HP Photosmart D7360 review
Low running costs, superb photo quality and a large touchscreen make this the A4 inkjet to buy
Review Date: 10 Nov 2006
Reviewed By: Dave Stevenson
Price when reviewed: (£149 inc VAT)
When it comes to photos, HP can claim to have nailed print quality. Prints from the D7360 are easily as good as anything you might get from a high-street or online photo developer: barely visible grain is the only sign that the prints have come from a living room rather than a dedicated lab.
The central print engine of the D7360 has been plucked wholesale from the Photosmart 8250. The chassis has undergone a slight redesign and colour change, and there's a new 3.4in touchscreen on the front. While we'd always recommend editing photos on a PC for best results, popping in a memory card and navigating your way through the menus by prodding at the screen is a fun and intuitive way of quickly printing snaps.
The D7360 is built around the efficient Vivera ink system, and for £16 (£19 inc VAT) you can buy six cartridges and 150 6 x 4in sheets of photo paper. Assuming you print nothing but 6 x 4in prints, you'll see a respectable cost per photo of 10.7p. Mono pages with 5% ink coverage will cost just 1.7p courtesy of the high-yield mono cartridge, which runs for 800 pages.
The D7360 has some useful features for the occasional photo-printing user. Instead of having to pull out your regular A4 paper every time you want to print a photo job, there's a spare paper tray designed to specifically hold 6 x 4in sheets. Send an appropriate print job to the printer and it will automatically select the second tray, meaning you'll never again knock over a stack of previously pristine paper while you print a few holiday snaps.
The Photosmart isn't quite so well suited to printing plain text. Our mono 50-page document took 11mins 30secs to print - a sluggish 5ppm. Lowering quality to draft reduced the time to three-and-a-half minutes, or 14ppm. Print quality took an inevitable hit, but at normal settings text is more than acceptable, albeit not quite up to the laser quality that HP claims.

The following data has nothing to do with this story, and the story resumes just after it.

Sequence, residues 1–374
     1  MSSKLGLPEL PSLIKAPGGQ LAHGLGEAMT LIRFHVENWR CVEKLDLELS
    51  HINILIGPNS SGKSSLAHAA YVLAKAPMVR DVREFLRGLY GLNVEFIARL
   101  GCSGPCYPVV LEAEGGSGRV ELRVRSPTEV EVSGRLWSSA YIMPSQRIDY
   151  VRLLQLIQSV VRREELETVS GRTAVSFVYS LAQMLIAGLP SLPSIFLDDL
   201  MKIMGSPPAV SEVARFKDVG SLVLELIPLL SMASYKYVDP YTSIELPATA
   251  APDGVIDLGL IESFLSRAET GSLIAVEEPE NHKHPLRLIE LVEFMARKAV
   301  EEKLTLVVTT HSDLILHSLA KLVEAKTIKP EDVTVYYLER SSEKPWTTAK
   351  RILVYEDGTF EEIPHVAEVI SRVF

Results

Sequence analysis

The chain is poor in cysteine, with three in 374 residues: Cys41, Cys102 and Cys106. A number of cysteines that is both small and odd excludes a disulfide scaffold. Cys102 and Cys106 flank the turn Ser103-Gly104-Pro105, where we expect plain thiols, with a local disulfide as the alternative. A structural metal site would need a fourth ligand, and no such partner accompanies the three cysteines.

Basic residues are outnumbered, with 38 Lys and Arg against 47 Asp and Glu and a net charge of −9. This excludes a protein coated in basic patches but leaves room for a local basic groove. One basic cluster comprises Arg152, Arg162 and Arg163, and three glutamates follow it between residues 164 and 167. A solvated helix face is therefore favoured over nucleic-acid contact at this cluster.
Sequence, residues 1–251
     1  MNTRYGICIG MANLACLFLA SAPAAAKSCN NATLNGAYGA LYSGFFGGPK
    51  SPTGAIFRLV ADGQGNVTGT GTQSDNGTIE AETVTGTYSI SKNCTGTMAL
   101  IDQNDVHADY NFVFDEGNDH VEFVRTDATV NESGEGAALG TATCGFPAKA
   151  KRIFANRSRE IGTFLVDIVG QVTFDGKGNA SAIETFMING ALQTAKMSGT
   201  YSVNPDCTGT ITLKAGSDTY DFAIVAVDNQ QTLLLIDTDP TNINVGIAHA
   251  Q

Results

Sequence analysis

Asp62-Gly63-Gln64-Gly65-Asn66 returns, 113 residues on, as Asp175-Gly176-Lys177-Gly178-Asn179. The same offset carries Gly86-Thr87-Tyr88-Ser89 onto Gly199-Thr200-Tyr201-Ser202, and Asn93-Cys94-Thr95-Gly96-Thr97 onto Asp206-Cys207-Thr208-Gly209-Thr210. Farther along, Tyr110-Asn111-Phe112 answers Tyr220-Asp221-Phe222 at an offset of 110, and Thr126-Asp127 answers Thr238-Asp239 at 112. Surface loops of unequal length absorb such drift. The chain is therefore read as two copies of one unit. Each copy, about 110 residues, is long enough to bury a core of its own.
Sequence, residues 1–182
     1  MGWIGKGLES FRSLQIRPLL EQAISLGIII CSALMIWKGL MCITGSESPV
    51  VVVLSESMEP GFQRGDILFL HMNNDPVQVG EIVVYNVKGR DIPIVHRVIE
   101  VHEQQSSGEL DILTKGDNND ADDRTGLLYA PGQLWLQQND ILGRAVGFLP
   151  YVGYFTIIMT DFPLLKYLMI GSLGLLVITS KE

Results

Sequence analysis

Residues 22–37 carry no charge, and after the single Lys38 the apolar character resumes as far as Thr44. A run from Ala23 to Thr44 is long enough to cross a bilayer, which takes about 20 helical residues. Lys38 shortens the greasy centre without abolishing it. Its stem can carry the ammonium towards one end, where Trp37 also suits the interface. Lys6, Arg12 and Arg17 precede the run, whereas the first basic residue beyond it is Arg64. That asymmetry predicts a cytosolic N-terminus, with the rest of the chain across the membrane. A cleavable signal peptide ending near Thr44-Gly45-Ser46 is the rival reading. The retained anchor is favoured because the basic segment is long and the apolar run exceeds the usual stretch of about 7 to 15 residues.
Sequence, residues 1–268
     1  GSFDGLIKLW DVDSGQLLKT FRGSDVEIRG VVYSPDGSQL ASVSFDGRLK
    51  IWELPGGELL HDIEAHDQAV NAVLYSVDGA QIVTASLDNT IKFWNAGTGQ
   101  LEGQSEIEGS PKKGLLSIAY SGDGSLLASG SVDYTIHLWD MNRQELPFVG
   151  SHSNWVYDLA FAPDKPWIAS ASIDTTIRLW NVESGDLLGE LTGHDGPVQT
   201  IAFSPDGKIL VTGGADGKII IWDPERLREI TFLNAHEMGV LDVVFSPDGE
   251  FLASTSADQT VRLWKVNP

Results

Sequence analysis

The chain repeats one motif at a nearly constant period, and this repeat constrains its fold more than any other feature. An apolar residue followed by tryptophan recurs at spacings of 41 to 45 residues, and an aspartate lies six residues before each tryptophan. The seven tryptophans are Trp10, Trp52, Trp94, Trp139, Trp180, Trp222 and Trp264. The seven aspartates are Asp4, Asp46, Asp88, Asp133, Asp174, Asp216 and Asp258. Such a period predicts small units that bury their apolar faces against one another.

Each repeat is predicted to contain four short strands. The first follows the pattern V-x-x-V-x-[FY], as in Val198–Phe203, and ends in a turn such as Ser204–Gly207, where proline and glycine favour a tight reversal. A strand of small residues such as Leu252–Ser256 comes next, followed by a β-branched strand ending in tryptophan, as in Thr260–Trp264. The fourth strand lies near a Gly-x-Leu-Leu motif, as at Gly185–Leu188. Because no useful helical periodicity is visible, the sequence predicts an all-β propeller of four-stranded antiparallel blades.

But you shouldn't be buying the D7360 for text printing - that's best left to a personal laser such as Samsung's ML-2510. Instead, HP's latest Photosmart is aimed at digital camera enthusiasts. And if that's you, the D7360 is the machine to go for: commendably fast, cheap to run and capable of producing near-flawless photos.
Author: Dave Stevenson
- Will Android Wear work with iOS?
- Amazon loses $170 million on Fire phone
- Photos: Information Age revealed at the Science Museum
- Surface makes $1bn for Microsoft in three months
- Facebook Rooms to give anonymity to iPhone users
- Google buys Oxford University AI startups
- Microsoft Kinect SDK 2 brings apps to Windows Store
- Raspberry Pi unveils DIY tablet kit
- Windows 10: two-factor authentication coming to every device
- What is Google Inbox?
- Google Glass: mugger bait, pub problem and other lessons learned from two dangerous weeks
- Twitter, please don't fiddle with my feed
- How Satya Nadella can get some pay-raise karma
- Windows 10: a step back to go forward
- Michael Dell: Cloud infrastructure is the roads, bridges and highways of the 21st century
- How to check your identity hasn’t been sold to the hackers
- Tim Cook: this is how much TV has changed since the 70s
- Westminster wins the .London battle
- 20 years of PC Pro: from deep pan pizza to virtualisation
- Five reasons why the Apple Watch leaves me cold
- iPad Air 2 vs Nexus 9: Apple and Google's latest high-end tablets compared
- Five things that are actually new in the iPad Air 2
- Bendgate, Antennagate, and why Apple doesn’t care about bad news
- iPad Air 2 and iPad mini 3 release date, specs and UK price rumours
- Office Online vs Google Docs: which free online office suite is best?
- iPhone 6 Plus vs iPhone 6 design comparison
- How to speed up an Android smartphone
- Nexus 6 release date, specs, UK price and leaked images
- iPhone 6 vs iPhone 6 Plus screen comparison
- Mac OS X Yosemite release date, price and new features
- How to sell more ebooks on Amazon
- 10 ways to make your business more secure
- Top five VoIP mistakes
- How to add in-app purchasing to an iPhone, Android or Windows app
- Remote-control ransomware: TeamViewer and software hardball
- Why laptops with serial ports matter to the Internet of Things
- Make your mobile battery last longer
- Small steps into handling Big Data
- Nexus 5: does it really run stock Android?
- How to get broadband to a garden office